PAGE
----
Some truly dystopian proposals have been woven into the conversation about serious youth violence in recent months, from knife-crime asbos to armed police patrols of inner-city neighbourhoods, to deploying the army. Now, in a bid to be seen to be doing something as its serious youth violence summit begins, the government has announced a consultation on yet another measure that is likely to do more harm than good: the public health duty to tackle serious violence.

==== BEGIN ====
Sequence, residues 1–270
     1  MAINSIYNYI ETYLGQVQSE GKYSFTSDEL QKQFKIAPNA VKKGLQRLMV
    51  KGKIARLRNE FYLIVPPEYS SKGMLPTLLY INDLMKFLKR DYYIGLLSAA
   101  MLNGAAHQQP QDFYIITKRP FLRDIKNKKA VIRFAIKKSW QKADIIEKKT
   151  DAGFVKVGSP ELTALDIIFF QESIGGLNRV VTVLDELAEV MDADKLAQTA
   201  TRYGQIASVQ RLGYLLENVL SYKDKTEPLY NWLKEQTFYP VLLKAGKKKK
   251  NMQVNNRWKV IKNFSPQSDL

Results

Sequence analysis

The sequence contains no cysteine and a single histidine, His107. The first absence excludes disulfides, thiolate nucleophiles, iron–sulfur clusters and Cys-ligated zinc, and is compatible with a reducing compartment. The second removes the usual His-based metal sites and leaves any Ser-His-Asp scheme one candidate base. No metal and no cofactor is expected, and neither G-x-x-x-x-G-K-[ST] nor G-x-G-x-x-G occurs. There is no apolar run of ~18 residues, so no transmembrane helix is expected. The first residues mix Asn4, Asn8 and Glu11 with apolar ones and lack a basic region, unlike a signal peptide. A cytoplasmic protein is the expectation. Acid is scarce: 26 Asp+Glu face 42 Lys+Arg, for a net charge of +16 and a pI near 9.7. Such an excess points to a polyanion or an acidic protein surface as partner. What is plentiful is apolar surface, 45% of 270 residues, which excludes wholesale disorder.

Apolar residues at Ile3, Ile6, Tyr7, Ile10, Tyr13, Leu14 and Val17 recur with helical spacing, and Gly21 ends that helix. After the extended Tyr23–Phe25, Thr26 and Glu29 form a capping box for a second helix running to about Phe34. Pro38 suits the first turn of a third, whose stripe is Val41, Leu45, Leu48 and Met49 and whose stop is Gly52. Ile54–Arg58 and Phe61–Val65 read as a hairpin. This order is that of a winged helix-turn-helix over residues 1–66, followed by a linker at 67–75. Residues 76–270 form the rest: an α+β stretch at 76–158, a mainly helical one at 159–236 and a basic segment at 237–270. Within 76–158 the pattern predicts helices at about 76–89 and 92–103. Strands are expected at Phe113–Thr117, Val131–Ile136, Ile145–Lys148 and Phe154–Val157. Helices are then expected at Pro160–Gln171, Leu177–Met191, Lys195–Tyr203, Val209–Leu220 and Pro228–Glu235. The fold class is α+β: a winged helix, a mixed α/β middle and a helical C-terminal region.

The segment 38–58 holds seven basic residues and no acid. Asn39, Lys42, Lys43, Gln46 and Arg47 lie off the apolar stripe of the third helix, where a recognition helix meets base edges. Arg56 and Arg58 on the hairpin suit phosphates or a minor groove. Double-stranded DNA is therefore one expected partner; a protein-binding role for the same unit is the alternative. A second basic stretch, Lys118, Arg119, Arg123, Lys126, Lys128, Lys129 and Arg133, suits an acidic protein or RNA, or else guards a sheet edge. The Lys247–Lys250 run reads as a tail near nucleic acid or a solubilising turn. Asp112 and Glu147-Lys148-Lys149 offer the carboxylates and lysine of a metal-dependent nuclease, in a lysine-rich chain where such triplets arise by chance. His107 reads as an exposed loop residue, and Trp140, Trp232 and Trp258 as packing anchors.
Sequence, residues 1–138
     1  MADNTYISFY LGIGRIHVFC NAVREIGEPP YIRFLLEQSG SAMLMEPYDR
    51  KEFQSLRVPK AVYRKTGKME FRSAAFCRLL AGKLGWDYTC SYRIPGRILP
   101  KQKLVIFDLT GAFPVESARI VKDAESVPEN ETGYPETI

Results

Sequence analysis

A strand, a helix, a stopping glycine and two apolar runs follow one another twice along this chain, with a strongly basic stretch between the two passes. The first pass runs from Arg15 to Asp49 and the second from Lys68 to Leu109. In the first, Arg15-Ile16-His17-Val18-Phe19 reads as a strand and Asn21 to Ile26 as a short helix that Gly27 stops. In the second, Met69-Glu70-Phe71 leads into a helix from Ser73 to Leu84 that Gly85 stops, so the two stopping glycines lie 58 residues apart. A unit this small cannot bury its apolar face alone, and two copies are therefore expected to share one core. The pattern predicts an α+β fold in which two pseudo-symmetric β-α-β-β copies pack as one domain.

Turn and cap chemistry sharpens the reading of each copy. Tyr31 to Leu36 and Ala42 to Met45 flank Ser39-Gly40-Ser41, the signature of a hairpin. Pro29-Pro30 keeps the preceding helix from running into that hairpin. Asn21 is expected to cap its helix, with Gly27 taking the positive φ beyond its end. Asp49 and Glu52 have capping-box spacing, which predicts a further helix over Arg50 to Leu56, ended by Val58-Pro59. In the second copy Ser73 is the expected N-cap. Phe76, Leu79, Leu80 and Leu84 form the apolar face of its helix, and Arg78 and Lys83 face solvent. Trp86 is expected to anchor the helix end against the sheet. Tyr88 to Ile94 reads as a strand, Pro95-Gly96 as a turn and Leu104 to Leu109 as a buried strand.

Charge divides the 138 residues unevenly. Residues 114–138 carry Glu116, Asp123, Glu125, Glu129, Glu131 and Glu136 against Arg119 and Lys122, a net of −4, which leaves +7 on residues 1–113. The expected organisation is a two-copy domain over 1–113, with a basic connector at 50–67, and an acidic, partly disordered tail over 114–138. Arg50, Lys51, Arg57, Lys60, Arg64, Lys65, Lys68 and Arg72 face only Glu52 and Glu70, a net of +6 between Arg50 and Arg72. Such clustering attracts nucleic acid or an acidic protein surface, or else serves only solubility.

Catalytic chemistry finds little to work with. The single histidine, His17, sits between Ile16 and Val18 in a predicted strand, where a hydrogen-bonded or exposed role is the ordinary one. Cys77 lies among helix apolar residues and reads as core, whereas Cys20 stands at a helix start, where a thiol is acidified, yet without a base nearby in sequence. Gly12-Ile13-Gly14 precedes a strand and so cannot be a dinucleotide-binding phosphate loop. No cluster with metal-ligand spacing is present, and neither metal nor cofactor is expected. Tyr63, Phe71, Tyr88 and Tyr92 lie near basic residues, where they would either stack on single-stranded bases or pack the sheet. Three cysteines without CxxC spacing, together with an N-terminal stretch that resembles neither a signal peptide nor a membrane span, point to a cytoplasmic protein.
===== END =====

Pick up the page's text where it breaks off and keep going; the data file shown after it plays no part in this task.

If the government’s preferred formulation of the duty becomes law, a long list of public authorities across local government, health, education and policing will be required to “have due regard to the prevention and tackling of serious violence”. The government would issue guidance, but services themselves would be left to figure out how to comply over and above their existing safeguarding duties.
If this all sounds depressingly familiar, that’s because it is: it’s basically a copy and paste of the divisive and discriminatory Prevent duty. Under Prevent, a broad array of public services have a legal duty to “have due regard to the need to prevent people from being drawn into terrorism”.